Wednesday, August 20, 2008

Book Review

The Insanity Offense: How America's Failure to Treat the Seriously Mentally Ill Endangers Its Citizens The Insanity Offense: How America's Failure to Treat the Seriously Mentally Ill Endangers Its Citizens by E. Fuller Torrey

My review

rating: 4 of 5 stars
In the mid 1960s, America began emptying and closing its mental hospitals, all in the name of civil rights. California was the first state to do so and by the mid 1980s, the other 49 states had followed suit.

The author calls this "one of the great social disasters in recent American history." It has created at least 175,000 homeless mentally ill men and women in this country, many of whom become victims of violence -- muggings, rapes, murders. Many of these same mentally ill are responsible for an increased number of violent crimes against their own family members and other hapless citizens.

Let's look at some statistics from California:

* California has 38,000 sverely mentally ill homeless living on its streets on any given day -- mostly in LA and San Francisco.

* About 9,000 severely mentally ill individuals who are in dire need of treatment are incarcerated in California's county jails. That's about 11% of the total jail population.

* Worse, about 32,000 severely mentally ill inhabit California's state prisons. That's about 20% of the total of state prisoners.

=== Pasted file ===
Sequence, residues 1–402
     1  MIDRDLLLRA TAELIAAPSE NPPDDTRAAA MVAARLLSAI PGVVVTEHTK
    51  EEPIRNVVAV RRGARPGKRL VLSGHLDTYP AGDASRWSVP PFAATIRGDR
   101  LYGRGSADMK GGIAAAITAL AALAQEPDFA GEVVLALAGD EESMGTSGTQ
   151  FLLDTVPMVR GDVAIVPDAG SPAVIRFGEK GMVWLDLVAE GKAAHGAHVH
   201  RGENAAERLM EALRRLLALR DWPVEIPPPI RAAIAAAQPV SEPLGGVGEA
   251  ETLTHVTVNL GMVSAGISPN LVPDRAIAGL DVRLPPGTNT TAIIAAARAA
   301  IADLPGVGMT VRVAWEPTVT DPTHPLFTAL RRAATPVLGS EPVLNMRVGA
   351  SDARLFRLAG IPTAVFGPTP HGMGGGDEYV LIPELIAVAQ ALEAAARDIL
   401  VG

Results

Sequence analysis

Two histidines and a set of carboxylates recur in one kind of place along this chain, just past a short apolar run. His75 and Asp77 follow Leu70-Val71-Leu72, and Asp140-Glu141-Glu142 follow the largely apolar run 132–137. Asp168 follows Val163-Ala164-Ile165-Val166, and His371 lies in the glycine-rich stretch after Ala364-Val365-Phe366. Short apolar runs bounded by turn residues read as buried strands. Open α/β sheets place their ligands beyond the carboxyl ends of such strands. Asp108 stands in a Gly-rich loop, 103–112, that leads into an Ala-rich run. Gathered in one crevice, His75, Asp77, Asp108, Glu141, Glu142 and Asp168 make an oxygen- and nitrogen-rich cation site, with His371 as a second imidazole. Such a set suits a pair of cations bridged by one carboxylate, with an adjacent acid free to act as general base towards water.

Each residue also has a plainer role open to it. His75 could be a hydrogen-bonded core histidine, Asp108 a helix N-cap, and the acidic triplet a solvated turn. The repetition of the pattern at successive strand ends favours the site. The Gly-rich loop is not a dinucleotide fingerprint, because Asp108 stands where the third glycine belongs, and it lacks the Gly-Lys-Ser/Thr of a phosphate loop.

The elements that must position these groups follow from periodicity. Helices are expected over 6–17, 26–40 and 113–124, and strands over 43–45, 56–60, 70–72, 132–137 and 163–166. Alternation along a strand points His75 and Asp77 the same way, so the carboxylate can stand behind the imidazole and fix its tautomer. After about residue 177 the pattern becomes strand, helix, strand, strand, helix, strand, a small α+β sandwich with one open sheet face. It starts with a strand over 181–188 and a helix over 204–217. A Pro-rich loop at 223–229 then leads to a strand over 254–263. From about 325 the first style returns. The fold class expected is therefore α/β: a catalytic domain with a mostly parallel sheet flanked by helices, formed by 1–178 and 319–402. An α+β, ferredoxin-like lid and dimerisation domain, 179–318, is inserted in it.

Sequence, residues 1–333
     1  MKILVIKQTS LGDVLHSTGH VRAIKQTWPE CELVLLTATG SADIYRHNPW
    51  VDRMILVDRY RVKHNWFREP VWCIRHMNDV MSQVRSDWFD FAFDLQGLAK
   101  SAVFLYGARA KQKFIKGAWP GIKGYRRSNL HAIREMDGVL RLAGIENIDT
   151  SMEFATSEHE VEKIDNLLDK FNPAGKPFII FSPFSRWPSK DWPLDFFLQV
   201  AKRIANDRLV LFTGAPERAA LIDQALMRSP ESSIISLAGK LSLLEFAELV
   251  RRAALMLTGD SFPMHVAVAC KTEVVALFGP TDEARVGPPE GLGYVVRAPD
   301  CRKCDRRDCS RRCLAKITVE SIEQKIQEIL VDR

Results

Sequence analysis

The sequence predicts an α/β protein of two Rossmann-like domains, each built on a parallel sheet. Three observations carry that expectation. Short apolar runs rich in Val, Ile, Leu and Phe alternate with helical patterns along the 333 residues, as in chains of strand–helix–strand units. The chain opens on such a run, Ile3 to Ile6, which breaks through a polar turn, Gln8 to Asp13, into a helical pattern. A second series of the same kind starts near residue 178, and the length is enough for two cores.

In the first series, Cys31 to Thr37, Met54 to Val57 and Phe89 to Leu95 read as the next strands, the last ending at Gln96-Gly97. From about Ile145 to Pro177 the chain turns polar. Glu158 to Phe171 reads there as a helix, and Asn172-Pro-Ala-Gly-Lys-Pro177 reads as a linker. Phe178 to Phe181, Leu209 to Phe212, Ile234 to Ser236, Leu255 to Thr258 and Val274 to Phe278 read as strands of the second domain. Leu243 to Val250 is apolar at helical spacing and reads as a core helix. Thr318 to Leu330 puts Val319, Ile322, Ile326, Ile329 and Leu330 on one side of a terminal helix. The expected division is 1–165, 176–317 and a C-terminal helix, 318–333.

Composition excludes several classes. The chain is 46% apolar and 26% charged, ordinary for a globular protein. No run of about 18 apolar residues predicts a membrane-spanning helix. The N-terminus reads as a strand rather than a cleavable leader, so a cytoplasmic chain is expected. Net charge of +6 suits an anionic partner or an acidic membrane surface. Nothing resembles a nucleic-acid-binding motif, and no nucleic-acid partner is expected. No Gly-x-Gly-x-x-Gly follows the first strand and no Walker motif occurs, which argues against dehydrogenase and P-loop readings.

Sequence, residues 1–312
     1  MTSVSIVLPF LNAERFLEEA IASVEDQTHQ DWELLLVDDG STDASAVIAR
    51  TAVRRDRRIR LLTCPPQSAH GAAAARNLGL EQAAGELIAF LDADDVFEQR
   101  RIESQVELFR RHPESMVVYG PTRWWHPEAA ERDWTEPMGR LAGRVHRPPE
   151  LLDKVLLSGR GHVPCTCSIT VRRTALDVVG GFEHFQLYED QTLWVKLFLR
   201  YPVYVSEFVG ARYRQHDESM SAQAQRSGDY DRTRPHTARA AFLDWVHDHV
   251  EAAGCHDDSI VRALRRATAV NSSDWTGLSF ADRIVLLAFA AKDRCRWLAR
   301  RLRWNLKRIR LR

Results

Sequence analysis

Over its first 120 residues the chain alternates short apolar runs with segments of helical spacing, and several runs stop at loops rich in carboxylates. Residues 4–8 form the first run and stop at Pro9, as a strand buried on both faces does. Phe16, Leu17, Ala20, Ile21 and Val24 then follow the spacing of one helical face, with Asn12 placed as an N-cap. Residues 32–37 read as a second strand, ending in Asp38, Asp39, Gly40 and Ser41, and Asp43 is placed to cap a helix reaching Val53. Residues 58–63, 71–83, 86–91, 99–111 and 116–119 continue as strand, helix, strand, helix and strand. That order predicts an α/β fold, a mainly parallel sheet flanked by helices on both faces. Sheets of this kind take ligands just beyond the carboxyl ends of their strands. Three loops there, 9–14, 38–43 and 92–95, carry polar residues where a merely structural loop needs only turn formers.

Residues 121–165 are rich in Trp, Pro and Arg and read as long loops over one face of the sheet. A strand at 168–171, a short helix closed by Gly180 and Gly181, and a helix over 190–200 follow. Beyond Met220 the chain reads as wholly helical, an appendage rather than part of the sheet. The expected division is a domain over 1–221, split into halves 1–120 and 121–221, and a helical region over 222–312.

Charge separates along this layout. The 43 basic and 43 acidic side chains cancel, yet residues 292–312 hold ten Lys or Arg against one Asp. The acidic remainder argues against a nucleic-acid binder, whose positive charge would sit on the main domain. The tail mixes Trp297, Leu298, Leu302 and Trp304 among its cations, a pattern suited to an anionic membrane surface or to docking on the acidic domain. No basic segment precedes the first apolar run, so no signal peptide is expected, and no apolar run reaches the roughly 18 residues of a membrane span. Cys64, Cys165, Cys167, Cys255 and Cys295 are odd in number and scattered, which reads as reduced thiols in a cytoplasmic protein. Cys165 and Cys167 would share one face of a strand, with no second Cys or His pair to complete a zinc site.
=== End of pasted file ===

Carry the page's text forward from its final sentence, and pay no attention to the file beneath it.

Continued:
* Between 1970 and 2004, severely mentally ill individuals who were not receiving treatment were responsible for 4700 California homocides. Each year they commit some 120 more murders.

Each state has its own mental illness statistics that when added to California's paint a grim picture indeed. Our concern for the civil rights of the mentally ill have caused tens and thousands of innocent American citizens to lose one of their most precious rights -- The right to life!

Torrey uses statistics, court records, news reports and other sources to hammer home the seriousness of this problem. If cold statistics are n ot enough, the book also contains poignant interviews the author had with the mentally ill, their families and their victims. One only needs to read this troublesome book to realize the system isn't working and needs to be replaced before it creates even more victims.

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